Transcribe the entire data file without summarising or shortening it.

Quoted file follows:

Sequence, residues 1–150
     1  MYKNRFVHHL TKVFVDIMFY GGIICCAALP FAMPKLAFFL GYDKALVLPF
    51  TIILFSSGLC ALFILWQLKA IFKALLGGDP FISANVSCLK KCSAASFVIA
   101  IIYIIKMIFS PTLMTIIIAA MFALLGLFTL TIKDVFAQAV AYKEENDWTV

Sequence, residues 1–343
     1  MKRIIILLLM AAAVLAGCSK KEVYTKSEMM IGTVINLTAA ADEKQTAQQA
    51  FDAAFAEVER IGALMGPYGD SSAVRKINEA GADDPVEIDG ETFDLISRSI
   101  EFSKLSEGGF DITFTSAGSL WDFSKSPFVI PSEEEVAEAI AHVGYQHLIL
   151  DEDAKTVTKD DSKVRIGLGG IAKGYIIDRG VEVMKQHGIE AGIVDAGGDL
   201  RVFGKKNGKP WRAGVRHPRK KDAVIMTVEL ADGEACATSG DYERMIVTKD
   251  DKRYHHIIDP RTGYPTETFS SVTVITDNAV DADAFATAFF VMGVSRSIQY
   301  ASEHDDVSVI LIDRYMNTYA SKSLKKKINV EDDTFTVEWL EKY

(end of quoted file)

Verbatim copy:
Sequence, residues 1–150
     1  MYKNRFVHHL TKVFVDIMFY GGIICCAALP FAMPKLAFFL GYDKALVLPF
    51  TIILFSSGLC ALFILWQLKA IFKALLGGDP FISANVSCLK KCSAASFVIA
   101  IIYIIKMIFS PTLMTIIIAA MFALLGLFTL TIKDVFAQAV AYKEENDWTV

Sequence, residues 1–343
     1  MKRIIILLLM AAAVLAGCSK KEVYTKSEMM IGTVINLTAA ADEKQTAQQA
    51  FDAAFAEVER IGALMGPYGD SSAVRKINEA GADDPVEIDG ETFDLISRSI
   101  EFSKLSEGGF DITFTSAGSL WDFSKSPFVI PSEEEVAEAI AHVGYQHLIL
   151  DEDAKTVTKD DSKVRIGLGG IAKGYIIDRG VEVMKQHGIE AGIVDAGGDL
   201  RVFGKKNGKP WRAGVRHPRK KDAVIMTVEL ADGEACATSG DYERMIVTKD
   251  DKRYHHIIDP RTGYPTETFS SVTVITDNAV DADAFATAFF VMGVSRSIQY
   301  ASEHDDVSVI LIDRYMNTYA SKSLKKKINV EDDTFTVEWL EKY